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August 13, 2008

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A.C. Douglas

You wrote:

"In my view this is an acceptable 'truth', once which so very obviously holds Bach's 'truth' to be sacred. Paternoster just finds a new way to express it. That's also what was going on in the cello and percussion interpretation I just heard."
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You here seem to be confusing interpretation and transcription. What you described in this cello cum percussion thing is NOT an interpretation of a Bach cello suite, but a *transcription* of same. The matter of interpretation and what is and what is not permissible is fraught enough without confusing it with another entity altogether, wouldn't you agree?

I addressed the matter of interpretation and "being true to the composer's intentions" on S&F some four years ago in a fairly lengthy (for a blog) article cleverly entitled, "On Interpretation", and my final word on the matter was, "A guiding rule is required, and — _mirabile dictu!_ — one is at hand, and that rule in all cases is the negative one of the physician's oath: _Primum non nocere_ — First, do no harm. [...] As a guiding rule, _Primum non nocere_ may not be much to go on, but it's a rule more than sufficient to save one harmless from perpetrating clear outrages...."

BTW, I very much agree with your comment concerning the indestructibility of Bach's works no matter how outré the transcription. To quote myself on the matter,

"Bach's keyboard works (organ included, of course) seem to survive, even thrive, under all manner of transcription. So superb is their construction that their fundamental musical aesthetic is not diminished one iota even when subjected to transcriptions as outré as those done for Wendy Carlos's synthesizer, and Ward Swingle's Swingle Singers. Or when subjected to the somewhat less outré but nevertheless Romantically excessive transcriptions for piano by Ferruccio Busoni, and even the grotesquely bloated ones for full orchestra done by Leopold Stokowski. In all these, Bach emerges unsullied and triumphant — always."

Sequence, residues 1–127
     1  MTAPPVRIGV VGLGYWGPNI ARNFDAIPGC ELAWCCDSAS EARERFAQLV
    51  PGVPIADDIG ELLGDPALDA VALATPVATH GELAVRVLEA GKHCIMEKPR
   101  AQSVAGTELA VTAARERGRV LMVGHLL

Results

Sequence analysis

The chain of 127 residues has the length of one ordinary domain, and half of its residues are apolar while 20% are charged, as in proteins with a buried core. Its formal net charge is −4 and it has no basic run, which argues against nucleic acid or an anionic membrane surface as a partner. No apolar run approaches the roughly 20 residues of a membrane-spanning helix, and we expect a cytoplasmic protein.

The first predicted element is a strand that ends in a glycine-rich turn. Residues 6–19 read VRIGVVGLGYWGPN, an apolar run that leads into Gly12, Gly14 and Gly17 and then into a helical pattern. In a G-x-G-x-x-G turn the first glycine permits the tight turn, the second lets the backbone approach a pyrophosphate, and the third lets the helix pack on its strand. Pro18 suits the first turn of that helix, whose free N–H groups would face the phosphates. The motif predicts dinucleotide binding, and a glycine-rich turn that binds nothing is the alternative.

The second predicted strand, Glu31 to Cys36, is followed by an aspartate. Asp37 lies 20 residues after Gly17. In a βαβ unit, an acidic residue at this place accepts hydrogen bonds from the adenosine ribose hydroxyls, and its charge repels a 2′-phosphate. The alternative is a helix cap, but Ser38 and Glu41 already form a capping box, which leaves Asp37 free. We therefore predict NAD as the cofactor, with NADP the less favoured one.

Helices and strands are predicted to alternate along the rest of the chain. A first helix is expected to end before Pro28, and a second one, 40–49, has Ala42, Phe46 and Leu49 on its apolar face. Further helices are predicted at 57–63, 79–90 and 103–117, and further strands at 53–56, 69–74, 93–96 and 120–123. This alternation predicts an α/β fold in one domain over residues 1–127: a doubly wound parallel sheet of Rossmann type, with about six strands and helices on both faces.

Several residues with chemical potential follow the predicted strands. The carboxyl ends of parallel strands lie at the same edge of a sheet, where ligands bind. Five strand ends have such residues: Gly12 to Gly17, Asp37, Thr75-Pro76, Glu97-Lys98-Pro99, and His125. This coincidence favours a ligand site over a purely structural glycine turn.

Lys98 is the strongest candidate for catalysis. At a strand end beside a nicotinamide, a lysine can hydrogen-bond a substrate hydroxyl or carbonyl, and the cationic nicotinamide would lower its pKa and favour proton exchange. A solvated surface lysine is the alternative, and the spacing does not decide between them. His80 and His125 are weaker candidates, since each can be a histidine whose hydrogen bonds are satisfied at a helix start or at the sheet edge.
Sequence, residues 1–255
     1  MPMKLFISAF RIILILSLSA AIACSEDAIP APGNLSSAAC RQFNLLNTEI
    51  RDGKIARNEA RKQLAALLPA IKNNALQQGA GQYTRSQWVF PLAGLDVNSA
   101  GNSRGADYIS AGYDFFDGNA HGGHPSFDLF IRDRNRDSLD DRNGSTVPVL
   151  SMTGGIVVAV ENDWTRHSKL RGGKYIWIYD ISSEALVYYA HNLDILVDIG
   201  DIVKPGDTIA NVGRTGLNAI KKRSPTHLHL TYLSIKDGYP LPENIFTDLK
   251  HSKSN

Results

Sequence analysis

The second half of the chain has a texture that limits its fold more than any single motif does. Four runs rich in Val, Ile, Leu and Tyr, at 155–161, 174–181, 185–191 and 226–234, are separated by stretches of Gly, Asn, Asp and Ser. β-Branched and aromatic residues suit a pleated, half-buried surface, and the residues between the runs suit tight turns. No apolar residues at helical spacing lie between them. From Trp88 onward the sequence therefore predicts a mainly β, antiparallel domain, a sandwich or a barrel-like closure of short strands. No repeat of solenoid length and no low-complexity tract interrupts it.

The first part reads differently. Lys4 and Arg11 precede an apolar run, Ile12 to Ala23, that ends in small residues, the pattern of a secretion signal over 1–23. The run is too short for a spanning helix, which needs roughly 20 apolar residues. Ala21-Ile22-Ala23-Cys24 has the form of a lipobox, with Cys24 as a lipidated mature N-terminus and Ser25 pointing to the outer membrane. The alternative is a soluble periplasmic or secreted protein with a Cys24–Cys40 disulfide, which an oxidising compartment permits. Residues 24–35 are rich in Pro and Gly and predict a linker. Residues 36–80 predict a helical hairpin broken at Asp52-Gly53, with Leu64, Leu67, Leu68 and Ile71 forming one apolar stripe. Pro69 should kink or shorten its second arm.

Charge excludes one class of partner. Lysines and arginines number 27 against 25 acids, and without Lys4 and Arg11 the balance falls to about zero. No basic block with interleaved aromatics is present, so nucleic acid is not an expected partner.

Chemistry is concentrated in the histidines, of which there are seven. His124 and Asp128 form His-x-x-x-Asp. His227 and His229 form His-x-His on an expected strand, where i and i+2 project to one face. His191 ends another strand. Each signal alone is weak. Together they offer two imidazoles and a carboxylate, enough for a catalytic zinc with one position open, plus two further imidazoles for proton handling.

ACD

David Preiser

ACD,

In technical terms, you're right. But philosophically and practically, I view them as the same thing, especially in the context of respecting the composer. As an arranger and transcriber myself, I approach that task (or try to) with the same mindset as a performer/interpreter. The sounds and colors of a transcription are inevitably different from the composer's intentions, of course, but the music itself should not suffer from the new voices. That's the rule I apply to any "experimental" interpretation from a performer, so I apply it here as well.

I still can't decide if I like what the percussion adds to the Bach. Perhaps if they worked on it more the timing would get better, which would really improve the result. As it was, there were moments when it certainly did enhance moment. On paper, it was technically forcing something that wasn't there originally, yet it was still in service of the music. That's the opposite of what Norrington and Dudamel have done, in my opinion, and that's where I'm coming from.

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